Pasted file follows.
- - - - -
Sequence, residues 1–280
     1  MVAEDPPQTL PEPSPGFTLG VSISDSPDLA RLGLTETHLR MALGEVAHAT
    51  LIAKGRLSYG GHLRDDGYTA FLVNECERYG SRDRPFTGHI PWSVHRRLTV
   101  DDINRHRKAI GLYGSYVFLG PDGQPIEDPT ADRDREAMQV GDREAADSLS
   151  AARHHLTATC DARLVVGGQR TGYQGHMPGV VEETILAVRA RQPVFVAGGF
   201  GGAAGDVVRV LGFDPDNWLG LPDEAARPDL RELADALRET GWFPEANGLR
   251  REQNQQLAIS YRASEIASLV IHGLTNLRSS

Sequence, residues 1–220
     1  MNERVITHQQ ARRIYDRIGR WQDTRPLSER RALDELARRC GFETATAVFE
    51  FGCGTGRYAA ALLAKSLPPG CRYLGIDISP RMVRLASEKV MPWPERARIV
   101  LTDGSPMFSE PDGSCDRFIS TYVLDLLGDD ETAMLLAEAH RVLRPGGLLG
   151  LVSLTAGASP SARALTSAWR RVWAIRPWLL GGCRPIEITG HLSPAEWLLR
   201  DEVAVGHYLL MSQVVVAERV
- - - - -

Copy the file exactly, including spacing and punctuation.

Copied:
Sequence, residues 1–280
     1  MVAEDPPQTL PEPSPGFTLG VSISDSPDLA RLGLTETHLR MALGEVAHAT
    51  LIAKGRLSYG GHLRDDGYTA FLVNECERYG SRDRPFTGHI PWSVHRRLTV
   101  DDINRHRKAI GLYGSYVFLG PDGQPIEDPT ADRDREAMQV GDREAADSLS
   151  AARHHLTATC DARLVVGGQR TGYQGHMPGV VEETILAVRA RQPVFVAGGF
   201  GGAAGDVVRV LGFDPDNWLG LPDEAARPDL RELADALRET GWFPEANGLR
   251  REQNQQLAIS YRASEIASLV IHGLTNLRSS

Sequence, residues 1–220
     1  MNERVITHQQ ARRIYDRIGR WQDTRPLSER RALDELARRC GFETATAVFE
    51  FGCGTGRYAA ALLAKSLPPG CRYLGIDISP RMVRLASEKV MPWPERARIV
   101  LTDGSPMFSE PDGSCDRFIS TYVLDLLGDD ETAMLLAEAH RVLRPGGLLG
   151  LVSLTAGASP SARALTSAWR RVWAIRPWLL GGCRPIEITG HLSPAEWLLR
   201  DEVAVGHYLL MSQVVVAERV